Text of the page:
Ben Sulayem under mounting pressure from all sides

President of the FIA Mohammed bin Sulayem seen during the WRC launch at the Hangar 7 in Salzburg, Austria on January 15, 2022. // Joerg Mitter / Red Bull Content Pool // SI202201150131 // Usage for editorial use only //

Pressure is mounting on Mohammed Ben Sulayem from all quarters as he upset not only Liberty Media with recent comments but also human rights activists and politicians who are increasingly vocal in their criticism of the FIA President.

Ben Sulayem, in his second year as FIA chief, has navigated a landmine-packed landscape since he took leadership of the F1’s governing body. Enjoying the limelight and always good for a quote, the Emirati is increasingly marginalizing himself.

This week Ben Sulayem upset Formula One Management, with explosive remarks regarding F1 being over-valued while lamenting that F1’s commercial rights were leased, by the FIA at the time, to Bernie Ecclestone at a paltry $300-million for 100 years.

Now, according to a report in The Independent, the latest to slam Ben Sulayem is Liberal Democrat life peer Lord Paul Scriven who has taken issue with the FIA-issued directive to curtail F1 drivers’ making political comments and statements during Grand Prix weekends as fires up and gets going in the Middle East.

Many in the English media saw that as an effort to muzzle activist-in-chief, among the drivers, Lewis Hamilton whose protest actions in recent years have captured headlines.

Scriven also refers to a letter sent by him to the FIA, in March 2022 regarding staging events in Bahrain, Saudi Arabia and the UAE which he alleges was completely ignored by the organisation and accused Ben Sulayem of being “deeply discourteous and unprofessional.”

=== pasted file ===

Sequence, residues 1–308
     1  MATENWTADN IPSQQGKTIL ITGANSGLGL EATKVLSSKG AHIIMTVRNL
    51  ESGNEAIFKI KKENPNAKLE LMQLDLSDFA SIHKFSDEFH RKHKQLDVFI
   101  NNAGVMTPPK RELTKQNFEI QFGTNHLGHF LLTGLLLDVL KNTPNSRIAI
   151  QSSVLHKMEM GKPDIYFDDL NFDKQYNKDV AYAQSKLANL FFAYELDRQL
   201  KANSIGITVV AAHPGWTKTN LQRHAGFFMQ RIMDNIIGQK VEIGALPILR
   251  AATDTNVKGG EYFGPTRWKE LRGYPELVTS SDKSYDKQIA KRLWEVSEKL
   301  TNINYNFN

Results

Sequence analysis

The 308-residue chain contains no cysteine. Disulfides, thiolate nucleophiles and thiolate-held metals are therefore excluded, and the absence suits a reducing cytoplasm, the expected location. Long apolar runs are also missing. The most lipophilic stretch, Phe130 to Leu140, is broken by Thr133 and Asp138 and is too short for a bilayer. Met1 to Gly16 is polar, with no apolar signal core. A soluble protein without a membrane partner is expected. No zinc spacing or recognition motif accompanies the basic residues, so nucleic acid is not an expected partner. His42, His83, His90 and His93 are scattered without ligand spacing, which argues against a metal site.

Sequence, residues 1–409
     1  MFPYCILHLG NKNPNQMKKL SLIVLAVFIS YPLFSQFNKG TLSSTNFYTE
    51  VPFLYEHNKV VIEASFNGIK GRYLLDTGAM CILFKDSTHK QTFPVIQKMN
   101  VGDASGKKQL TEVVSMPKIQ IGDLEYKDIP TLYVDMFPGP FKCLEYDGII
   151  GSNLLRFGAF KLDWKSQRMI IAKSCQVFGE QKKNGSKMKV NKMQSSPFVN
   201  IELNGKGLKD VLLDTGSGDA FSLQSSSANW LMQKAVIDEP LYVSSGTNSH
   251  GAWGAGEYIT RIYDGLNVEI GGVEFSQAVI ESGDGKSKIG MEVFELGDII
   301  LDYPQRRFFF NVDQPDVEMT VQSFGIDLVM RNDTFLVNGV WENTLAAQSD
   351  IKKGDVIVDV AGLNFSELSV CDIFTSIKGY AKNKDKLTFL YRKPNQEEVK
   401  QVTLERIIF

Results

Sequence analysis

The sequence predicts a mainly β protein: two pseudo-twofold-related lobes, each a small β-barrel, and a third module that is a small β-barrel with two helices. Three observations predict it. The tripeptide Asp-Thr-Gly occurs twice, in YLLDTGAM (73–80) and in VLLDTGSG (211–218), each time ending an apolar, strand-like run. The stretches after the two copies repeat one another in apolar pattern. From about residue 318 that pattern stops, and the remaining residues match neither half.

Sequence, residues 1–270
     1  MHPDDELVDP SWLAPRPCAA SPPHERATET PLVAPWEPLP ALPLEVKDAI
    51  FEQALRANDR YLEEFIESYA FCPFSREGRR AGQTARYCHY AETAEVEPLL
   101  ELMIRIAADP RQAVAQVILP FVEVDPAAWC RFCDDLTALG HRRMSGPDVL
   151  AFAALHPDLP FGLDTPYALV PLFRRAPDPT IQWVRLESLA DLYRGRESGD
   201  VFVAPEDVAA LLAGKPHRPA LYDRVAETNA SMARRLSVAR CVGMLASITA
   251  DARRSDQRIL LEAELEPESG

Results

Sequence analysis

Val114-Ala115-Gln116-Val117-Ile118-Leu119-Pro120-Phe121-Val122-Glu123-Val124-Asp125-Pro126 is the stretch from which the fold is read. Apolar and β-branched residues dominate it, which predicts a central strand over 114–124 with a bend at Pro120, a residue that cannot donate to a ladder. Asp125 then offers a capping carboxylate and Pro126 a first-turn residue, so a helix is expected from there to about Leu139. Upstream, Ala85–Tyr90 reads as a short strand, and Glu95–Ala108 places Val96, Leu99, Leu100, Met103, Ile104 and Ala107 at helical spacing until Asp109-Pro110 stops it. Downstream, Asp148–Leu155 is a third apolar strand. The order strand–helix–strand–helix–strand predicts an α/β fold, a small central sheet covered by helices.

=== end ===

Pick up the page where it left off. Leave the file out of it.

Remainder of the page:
Scriven: I still expect to receive a response to our letter

Nasser Al-Attiyah of the Toyota Gazoo Racing with FIA President Mohammed Ben Sulayem during the Rest Day of the Dakar 2023 in Riyadh, on January 9th, 2023 in Riyadh, Saudi Arabia // DPPI / Red Bull Content Pool // SI202301090414 // Usage for editorial use only //

The letter added: “Why do you think you can ignore parliamentarians? Do you think that concerns raised over human rights and the policies of the FIA should be above scrutiny?

“We wrote to you in order to raise concerns that are in the public interest, and we expect openness and transparency from the FIA. For the sake of clarity, I still expect to receive a response to our letter.”

The Independent reports that Scriven, along with 90 more European parliamentarians, called out the FIA ahead of the 2022 F1 season for “facilitating sportswashing” in Gulf countries, insisting “their continued failure to raise abuses committed by these regimes creates a stark double standard.”

He also highlighted the letter sent this week by BIRD (Bahrain Institute for Rights and Democracy) which also slammed the FIA for what is seen as “suppressing drivers’ freedom of speech” and raising questions about the organisation’s stance on human rights.

BIRD: These calls must be heard and the FIA cannot continue to bury its head in the sand

protest-5305400_1920 Pete Linforth-001

Following Scriven’s revelations, BIRD director Sayed Ahmed Al-Wadaei slammed the FIA chief: “This is a timely and powerful letter from a member of the House of Lords spotlighting the FIA’s continued refusal to engage with lawmakers and human rights groups.

“Ben Sulayem’s insistence upon disengagement is seriously disturbing and we are stunned by their new repressive gagging measure, which is a direct attack upon freedom of expression. It is high time that the FIA and its president accept that they are not above scrutiny and accountability.

“When they choose to race in the most repressive states on Earth, they have a duty to protect human rights rather than silence their drivers and enrich abusers. These calls must be heard and the FIA simply cannot continue to bury its head in the sand,” added Al-Wadaei.

The Independent report adds that an FIA for Ben Sulayem confirmed the latest Lord Scriven’s letter had been received and a response would be sent in due course.

F1 all but sets up base in the Middle East for almost a month, with testing at the Bahrain Grand Prix venue from 23 to 25 February, followed by the Grand Prix at Sakhir on 5 March, and then the Saudi Grand Prix on 19 March before jetting to Australia for round three in April.